Friday, August 13, 2021

Family Time in Central New York

It rained just long enough to make a muddy mess of everything as we departed Pomona RV Park and Campground in NJ.  We were heading to Central NY to visit my Aunt Laurie, and the first leg of the trip went well.  We overnighted at a Harvest Host fiber farm in Northwest NJ.  That’s where I met Zack the Yak and his harem, along with alpacas, angora bunnies, goats, and Molly, a 4-month-old dairy calf.  After touring the farm with the personable owners, we made lovely (albeit expensive) handcrafted purchases from the gift shop.  We walked a bit on nearby streets to get a flavor for the area, returning to our Suite Retreat just before the torrential rain started.  Northwest NJ is a very pretty part of the State.  It is still a very rural area. And it is home to several children’s attractions that have been around for eons like Space Farms Zoo and Museum, Land of Make Believe, and Wild West City.


Zack the Yak and two members of his Harem.

The domestic pets wanted some love and attention, too!

After saying a farewell to the animals, we left NJ and entered PA, crossing the mighty Delaware River.  It flows freely approximately 330 miles, making it the longest undammed river in the U.S.A.  It provides the drinking water for about 5% of our Nation’s population.  And it has the distinction of having George Washington cross it during the Revolutionary War, which gets re-enacted every Christmas Day.  I am fortunate to have been a spectator at this unique event in Morrisville, PA/Trenton, NJ several times.


We had reservations at the Villages at Turning Stone RV Park in Oneida, NY for 5 weekdays, but there was no availability on weekends.  However, we had to leave Pomona RV Park mid-week before other guests arrived so we would have enough room to maneuver our exit from this tight Park.  That’s why we drove VERY leisurely.  We booked ourselves a night at a Harvest Host pub in Ulster County, NY.  The pub was not open for us to partake, but the owner graciously invited us to stay on the premises anyway.  We enjoyed walking the area and taking in the wonderful views of the Catskill Mountains.


We joined Boondockers Welcome in April and were scheduled to stay at one of their sites, a long-horn steer farm, for our last night before checking in to Turning Stone RV Park.  However, the owners called to cancel--they had lots of rain, and the field was way too soft for a rig our size/weight.    Flexibility is of the utmost importance in this fulltime RV traveling RV lifestyle.  Luckily, Aunt Laurie and our friend Rosemary told us a few months earlier about Tilden Farm in Verona, NY.   What a great tip and how fortuitous that Mom recorded the info in her phone (‘cause if she just tucked it in her head, it would be lost forever)!  Tilden Farm owner Ken Brewer is welcoming and accommodating.  He offers private sites, picnic table, firepits with complementary wood, and even electric on some sites for very reasonable fees through the app HipCamp.  We had never used this free app before.   But if HipCamp gets us to stay on gorgeous properties like this one, we will be using it more frequently! The farm, which dates to 1798, has been family owned for 7 generations.  Ken and his family have been here for 26 years and counting, raising heifers on the property.  He offers guests total enjoyment of his property--including fishing, canoeing, and hiking--free of charge.  We had such a wonderful experience, we ended up booking another night on the back end of our stay in Central NY.  Tilden Farms earns a Rambling RV Rat 5-cheese award!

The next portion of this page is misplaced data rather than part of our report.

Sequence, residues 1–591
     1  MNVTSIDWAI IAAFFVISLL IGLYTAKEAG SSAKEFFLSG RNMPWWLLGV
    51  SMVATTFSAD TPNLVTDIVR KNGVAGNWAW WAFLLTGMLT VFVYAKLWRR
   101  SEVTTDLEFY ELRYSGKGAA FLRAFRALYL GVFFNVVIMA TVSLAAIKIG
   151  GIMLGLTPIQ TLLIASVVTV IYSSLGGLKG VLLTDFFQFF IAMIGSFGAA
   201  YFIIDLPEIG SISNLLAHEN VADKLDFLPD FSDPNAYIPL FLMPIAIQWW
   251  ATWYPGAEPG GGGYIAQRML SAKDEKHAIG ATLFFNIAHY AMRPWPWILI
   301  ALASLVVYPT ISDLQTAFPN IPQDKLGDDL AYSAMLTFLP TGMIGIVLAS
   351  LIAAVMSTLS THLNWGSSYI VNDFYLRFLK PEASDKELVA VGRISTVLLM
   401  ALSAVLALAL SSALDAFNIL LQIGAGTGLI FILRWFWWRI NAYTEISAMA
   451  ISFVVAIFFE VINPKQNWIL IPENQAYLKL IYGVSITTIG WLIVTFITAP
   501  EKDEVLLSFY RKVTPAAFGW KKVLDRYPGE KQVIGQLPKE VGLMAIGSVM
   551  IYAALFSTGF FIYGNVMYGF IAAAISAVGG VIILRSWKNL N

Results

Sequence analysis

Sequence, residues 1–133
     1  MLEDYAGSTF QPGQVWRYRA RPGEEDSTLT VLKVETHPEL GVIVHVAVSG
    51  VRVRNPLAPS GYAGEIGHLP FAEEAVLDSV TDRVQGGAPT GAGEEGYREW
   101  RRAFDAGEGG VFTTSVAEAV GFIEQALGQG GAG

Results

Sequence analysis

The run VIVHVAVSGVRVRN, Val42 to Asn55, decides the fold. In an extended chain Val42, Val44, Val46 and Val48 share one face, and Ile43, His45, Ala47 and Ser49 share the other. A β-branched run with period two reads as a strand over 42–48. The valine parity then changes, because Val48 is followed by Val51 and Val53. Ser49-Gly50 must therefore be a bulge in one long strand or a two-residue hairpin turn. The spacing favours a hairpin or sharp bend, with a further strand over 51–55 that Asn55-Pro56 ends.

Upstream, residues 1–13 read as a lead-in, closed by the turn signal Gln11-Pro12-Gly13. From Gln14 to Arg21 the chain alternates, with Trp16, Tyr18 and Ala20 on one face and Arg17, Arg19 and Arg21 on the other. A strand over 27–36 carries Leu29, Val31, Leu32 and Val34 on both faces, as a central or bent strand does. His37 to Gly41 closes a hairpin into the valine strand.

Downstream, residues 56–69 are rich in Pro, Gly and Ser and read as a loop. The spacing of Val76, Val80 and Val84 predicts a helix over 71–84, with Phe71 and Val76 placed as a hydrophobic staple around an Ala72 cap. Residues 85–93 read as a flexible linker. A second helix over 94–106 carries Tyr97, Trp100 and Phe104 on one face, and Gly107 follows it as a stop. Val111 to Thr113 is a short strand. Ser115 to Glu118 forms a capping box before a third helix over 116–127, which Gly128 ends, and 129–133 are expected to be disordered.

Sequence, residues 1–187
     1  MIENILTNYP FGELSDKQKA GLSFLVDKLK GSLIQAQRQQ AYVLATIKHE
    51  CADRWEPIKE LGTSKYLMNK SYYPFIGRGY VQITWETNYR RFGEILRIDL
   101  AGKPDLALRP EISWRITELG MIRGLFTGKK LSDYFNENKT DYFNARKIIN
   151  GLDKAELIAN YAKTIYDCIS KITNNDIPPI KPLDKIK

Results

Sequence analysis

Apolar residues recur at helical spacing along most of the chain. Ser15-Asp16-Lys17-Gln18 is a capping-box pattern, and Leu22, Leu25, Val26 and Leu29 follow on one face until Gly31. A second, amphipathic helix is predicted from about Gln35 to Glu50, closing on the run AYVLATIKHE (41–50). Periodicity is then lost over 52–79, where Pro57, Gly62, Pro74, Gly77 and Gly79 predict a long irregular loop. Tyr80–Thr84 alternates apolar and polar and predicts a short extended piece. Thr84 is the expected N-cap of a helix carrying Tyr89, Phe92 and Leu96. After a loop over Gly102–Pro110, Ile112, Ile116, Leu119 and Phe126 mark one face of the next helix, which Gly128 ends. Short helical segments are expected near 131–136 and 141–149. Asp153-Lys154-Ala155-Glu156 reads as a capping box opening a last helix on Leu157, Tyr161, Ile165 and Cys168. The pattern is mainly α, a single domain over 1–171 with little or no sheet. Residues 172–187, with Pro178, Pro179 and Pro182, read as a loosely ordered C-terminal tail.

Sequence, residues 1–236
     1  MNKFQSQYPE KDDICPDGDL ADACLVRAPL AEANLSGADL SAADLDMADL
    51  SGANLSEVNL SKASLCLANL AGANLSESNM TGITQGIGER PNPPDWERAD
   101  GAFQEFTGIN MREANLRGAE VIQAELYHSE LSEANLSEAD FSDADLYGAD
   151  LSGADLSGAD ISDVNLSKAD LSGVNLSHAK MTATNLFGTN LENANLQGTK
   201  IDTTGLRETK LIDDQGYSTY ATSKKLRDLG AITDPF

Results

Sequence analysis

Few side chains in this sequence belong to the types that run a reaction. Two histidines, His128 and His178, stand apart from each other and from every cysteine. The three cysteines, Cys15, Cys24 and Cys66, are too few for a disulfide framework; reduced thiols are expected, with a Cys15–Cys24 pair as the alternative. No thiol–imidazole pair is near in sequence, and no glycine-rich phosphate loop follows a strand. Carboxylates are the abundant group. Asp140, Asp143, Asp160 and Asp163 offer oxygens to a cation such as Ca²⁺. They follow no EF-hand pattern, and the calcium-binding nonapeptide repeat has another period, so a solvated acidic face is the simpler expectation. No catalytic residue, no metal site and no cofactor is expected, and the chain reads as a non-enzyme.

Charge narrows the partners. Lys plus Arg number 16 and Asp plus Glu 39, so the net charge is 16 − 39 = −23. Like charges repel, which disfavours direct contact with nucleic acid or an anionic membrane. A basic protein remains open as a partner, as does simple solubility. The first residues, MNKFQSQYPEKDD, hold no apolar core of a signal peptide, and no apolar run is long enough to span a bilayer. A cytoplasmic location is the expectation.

We left Tilden Farm in pouring rain.  Fortunately, we had to travel only 10 miles to arrive at the Villages at Turning Stone RV Park in Oneida, NY.  For those unfamiliar with this RV Park, it is full-service: large, level sites, pool, game room, laundry, free Wi-FI, playground, ponds with paddle boats, walking trails, and, if you want to press your luck, free shuttle bus service throughout the day and night to Turning Stone Casino (you will probably run into my Aunt Laurie there).  As we knew from prior stays, our pull-through site provided easy access, so we were set up in a jiffy. 

We got together with Aunt Laurie the next day to visit some local sites in Canastota, NY, like Greystone Castle.  The Methodist Episcopal Church stood on this site for 65 years, from 1833 until 1908, when it succumbed to a fire.  The church was rebuilt by 1910 and was fully operational until the 1960s. Then it sat dormant for 30 years, falling into disarray.  It was purchased by Martin and Annette Bargabos in 1995.   They have worked tirelessly to restore and renovate the structure into a banquet hall/event center.   And to ensure that Greystone Castle never sees a wrecking ball in the future, the structure is now listed on the National Historic Registry.  The owner was on the premises cleaning windows when we stopped by.    Mr. Bargabos spend considerable time chatting with us.  He gave us the history of the property and discussed the negative impact NY’s COVID mandates have had on his small business.  We thanked him for his efforts to preserve architectural history and wished him well as he tries to recover from his financial losses.

Bell from reconstructed church, circa 1910